Frayda said…
well said! another practical way to give a wedding gift is to buy off the couple's registry. hopefully, they have many items in every price range.
Ariella said…
Of course, by definition, a gift is voluntary. But it is nice to give something that contributes to the household rather than clutters it.
Tesyaa, I did donate wedding gifts to a shop that was supposed to raise money for hachnosos kallah. And at least one of the platters I got did break. But I still had an extra glass platters left over. I just recently got rid of one by passing it on to a cousin who often has many people over -- part of the shlichus thing they do. One of the glasses set, I just gave away last time we moved. They may have even been expensive, but they were not quite my taste -- they were colored, and I like my glasses clear.
Frayda, I hear that more and more couples are not registering in Bed, Bath, & Beyond --for very practical and not overpriced items.
Ariella said…
Your comment, Frayda, reminded me of someone who suggested taking advantage of people with the registry. She recommended registering for dishes at a very expensive store (which, apparently would allow cash refund) so that the guests would have to shell out quite a bit for each place setting they were offering as a gift. Then she would return the dishes and collect the money. That way she was simultaneously hoodwinking the store, which took the time to set up her registry and deal with the customers coming to her wedding, and the customers themselves.
Lion of Zion said…
just give cash. the best and most useful present.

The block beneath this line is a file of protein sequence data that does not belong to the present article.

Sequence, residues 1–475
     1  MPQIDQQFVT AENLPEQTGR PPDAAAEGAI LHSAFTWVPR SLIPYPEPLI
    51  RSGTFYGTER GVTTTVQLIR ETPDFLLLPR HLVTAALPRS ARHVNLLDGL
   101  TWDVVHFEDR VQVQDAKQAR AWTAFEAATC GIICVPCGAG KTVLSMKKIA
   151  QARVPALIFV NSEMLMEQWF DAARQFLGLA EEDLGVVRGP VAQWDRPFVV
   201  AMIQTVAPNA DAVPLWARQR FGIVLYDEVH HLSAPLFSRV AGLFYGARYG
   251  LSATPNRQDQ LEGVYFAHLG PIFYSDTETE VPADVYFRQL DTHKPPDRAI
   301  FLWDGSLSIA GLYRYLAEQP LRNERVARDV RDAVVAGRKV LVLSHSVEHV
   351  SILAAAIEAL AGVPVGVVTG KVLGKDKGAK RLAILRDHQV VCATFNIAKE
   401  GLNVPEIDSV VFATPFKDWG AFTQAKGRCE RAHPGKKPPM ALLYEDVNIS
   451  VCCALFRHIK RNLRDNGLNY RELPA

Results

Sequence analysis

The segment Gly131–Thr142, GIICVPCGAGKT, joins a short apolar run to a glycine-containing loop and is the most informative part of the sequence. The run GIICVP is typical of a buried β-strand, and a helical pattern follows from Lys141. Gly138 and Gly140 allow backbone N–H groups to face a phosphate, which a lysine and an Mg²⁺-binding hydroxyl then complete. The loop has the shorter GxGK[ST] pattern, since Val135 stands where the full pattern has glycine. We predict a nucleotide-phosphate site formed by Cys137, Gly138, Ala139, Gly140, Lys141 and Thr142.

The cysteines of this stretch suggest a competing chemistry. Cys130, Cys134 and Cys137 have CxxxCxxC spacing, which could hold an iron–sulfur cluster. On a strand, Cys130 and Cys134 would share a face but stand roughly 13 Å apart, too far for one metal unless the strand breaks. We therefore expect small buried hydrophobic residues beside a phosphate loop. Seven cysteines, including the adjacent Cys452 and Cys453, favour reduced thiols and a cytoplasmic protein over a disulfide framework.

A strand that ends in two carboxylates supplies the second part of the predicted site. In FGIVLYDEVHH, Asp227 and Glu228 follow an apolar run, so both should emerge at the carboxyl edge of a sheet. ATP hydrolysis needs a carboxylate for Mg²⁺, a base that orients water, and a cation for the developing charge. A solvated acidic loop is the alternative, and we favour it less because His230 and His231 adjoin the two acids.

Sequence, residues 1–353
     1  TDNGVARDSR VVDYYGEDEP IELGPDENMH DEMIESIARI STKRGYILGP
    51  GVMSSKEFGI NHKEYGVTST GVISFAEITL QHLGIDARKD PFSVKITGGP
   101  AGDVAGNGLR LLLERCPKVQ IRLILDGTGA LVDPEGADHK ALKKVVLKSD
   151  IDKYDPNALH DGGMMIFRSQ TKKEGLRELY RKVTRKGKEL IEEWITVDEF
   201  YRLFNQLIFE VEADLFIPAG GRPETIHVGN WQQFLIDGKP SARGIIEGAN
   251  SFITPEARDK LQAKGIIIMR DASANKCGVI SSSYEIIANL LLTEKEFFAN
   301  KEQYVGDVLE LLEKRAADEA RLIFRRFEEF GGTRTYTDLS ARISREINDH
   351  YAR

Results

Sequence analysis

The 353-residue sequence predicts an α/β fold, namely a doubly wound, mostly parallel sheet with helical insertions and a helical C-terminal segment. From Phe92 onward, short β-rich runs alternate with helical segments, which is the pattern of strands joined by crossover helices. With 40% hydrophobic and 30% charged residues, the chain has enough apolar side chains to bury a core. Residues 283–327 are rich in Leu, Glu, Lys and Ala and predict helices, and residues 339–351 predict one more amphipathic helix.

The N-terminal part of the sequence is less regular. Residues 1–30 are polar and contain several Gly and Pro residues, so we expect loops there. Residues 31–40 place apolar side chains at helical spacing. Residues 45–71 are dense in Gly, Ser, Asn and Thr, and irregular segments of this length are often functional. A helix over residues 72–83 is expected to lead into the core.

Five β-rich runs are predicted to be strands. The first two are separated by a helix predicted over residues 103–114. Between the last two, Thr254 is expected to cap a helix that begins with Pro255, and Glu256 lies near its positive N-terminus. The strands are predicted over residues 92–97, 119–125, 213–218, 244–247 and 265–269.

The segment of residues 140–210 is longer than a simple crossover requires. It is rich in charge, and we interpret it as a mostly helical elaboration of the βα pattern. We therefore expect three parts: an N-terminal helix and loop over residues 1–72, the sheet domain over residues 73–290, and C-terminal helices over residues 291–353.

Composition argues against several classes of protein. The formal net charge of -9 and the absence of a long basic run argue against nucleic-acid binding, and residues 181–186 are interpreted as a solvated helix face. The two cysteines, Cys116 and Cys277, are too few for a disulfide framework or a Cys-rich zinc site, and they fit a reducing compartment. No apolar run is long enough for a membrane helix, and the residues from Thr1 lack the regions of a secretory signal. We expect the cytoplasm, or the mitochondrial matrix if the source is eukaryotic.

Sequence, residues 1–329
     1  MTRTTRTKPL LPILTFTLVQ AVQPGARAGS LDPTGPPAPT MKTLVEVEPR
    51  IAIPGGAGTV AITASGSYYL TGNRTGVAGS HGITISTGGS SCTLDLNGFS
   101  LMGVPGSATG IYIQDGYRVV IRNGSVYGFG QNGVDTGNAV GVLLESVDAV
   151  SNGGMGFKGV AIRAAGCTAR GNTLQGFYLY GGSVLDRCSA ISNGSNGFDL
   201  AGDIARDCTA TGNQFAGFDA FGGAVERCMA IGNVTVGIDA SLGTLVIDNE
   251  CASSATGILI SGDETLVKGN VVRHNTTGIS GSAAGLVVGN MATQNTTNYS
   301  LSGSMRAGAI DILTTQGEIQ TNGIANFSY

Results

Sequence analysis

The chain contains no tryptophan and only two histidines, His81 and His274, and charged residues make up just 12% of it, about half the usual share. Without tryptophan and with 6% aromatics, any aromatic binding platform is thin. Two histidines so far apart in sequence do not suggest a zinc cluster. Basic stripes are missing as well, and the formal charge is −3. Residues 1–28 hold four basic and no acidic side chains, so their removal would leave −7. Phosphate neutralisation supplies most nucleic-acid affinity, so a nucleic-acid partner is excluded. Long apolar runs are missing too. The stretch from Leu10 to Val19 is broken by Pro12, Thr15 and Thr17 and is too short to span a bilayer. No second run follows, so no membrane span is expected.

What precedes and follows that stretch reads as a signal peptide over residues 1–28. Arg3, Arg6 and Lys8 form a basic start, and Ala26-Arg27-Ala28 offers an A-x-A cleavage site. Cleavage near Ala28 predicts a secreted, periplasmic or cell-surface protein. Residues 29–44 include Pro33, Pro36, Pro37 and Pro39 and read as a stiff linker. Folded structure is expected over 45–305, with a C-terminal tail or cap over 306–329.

Ariella said…
LOZ, when we got married, I really appreciated the fact that some friends gave us money gifts. Even if the amounts weren't large, they were giving what they could afford and weren't trying to buy something that would be taken as worth more than it was. Some richer guests bought us ornamental stuff that may have cost more but has yet to be used.
miriamp said…
Hmm... still don't have a mayim achronim set (just as well, my husband washes for mayim achronim in the kitchen). We received no glass serving platters. No wine decanters. No tablecloths. No havdalah set. We did get two or three vases, two challah knives (one with challah board, one without) and two challah covers. One mezuzah case with (almost kosher) mezuzah inside. No Kos -- we had to go out and buy one. Many cash gifts, though, that we put to good use.

We usually give either sefarim or a gift certificate to a sefarim/judaica type store. Actually, now that I'm in the snood business, that's what I give, at least for those kallahs who I think will appreciate them.
Ariella said…
"One mezuzah case with (almost kosher) mezuzah inside" I love the "almost." We got several silver mezuzah case and one more artsy mezuzah case with a mezuza inside. I don't know if it was kosher or only "almost." We had already bought mezuzahs for our apartment, so we didn't use it.
My husband also washes mayim achronim in the kitchen, despite the fact that we were given more mayim achronim sets than we could ever use. He finds the cups in the set too small, in any case.